But now the problem is while fully privatised, the generation companies cannot work at full capacity because the transmission companies which is still owned by the federal government cannot transmit more than a certain amount of power, meaning that if the generating companies (privately owned) generated 10,000 MW of electricity and the transmission companies (government owned) cannot transmit it to the distribution companies (partially privately owned), the real power that the country could work with would be impossible to achieve.

Another problem is when the distribution companies were privatised, the electricity tariffs were increased before the privatisation occurred. Then right after investors had poured in money to become key players, the court reverted the prices and they suddenly operated at a loss with the tariffs being pegged at below market price.

Analysts could argue that the government tricked investors, but then again, no one who committed to the privatisation practice on the distribution end would be willing to sacrifice any extra penny in the form of investment to the Nigerian government. It simply showed the system is completely untrustworthy.

Since distribution companies are now operating at a loss, it only makes sense that the distribution of pre-paid meters too would suddenly stop with an endless excuse, so that the distribution companies can use estimated billing to cover for their losses whether a household used electricity in a month or not.

See Also: How To Make A Country Rich With the Right Trade Policy

 

So What Can Be Done To Fix The Electricity Problem?

1). I suggest a full privatisation of the full structures, with the government acting simply as the regulator.

When investors can control a critical part of the energy sector, which is the transmission end, we can be better safe to know that investments can come in to build transmission capacities of over 10,000 MW in a short period of time. Also, the transmission shouldn’t be limited to a certain group of people but should be an open bidding system for any company with a great track record in the global energy industry. This way, the generating companies can also be given the opportunity to generate and transmit by themselves.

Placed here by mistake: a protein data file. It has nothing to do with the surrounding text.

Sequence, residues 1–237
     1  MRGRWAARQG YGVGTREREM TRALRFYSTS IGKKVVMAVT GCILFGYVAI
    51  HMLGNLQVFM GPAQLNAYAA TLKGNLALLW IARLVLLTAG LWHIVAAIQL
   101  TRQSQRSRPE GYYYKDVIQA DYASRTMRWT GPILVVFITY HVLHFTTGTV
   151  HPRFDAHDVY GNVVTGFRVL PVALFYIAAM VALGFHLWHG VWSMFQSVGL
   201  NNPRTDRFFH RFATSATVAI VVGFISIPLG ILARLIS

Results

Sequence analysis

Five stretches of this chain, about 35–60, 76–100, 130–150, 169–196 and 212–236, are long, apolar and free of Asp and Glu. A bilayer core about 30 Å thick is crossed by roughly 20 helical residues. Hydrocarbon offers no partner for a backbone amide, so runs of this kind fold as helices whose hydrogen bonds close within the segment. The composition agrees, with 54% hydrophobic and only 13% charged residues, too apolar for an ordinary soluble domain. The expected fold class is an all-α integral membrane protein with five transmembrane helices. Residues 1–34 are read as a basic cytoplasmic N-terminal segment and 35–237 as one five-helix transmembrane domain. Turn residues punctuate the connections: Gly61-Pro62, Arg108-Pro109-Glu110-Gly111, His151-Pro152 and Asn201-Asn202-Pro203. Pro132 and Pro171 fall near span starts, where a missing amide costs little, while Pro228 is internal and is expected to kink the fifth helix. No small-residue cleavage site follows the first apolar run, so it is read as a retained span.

The critical role the federal government should then play is regulating the industry to ensure consumers get great quality services and are not over-priced. It would work more like the telecommunications industry with the government being the primary body ensuring everyone is fulfilling their obligations in the fairest possible ways for the consumers.

2). There should be special incentives by the government to enable people to get affordable access to renewable energy in the form of solar panels and their counterparts. In the western world, companies like SolarCity sells solar panels to homes with a 25-year repayment plan, and the panels sold have the capacity to carry every appliance in the various homes they are used in.

When acquisition programs like this are made available based on key requirements that ensure it’s only reliable people that can actually be a part of it, the burden on the national grid can be reduced. And just as excess generated solar power is contributed back to the national grid in western countries, people who are a part of the program would have the excess generated energy contributed to the grid.

See Also: How To Diversify The Nigerian Economy Successfully For Growth

 

To Sum It Up

While these may not be a lasting solution to the present problems the Nigerian energy sector faces, it would take us through leaps and bounds and provide between 18 to 20 hours of guaranteed electricity daily for people, businesses, and much more living in the country, and in the process, would drive growth and development for Nigeria.

God bless Nigeria!

 

About The Article

This is an opinion and analysis posted by Stan Edom, a Nigerian citizen and Editor In Chief of Startuptipsdaily.com.

The Opinion and Analysis section is committed to nation building efforts through empowering expert writers to air their views on the best ways to solve national issues and move nations forward.

Opinions and Analysis will be published every Friday.

If you’ll like to submit opinions and analysis like this to startuptipsdaily.com, please read the guidelines listed here.

 

What are your thoughts on how to improve Nigeria’s electricity supply problem and drive the growth of businesses? Let me know by leaving a comment below.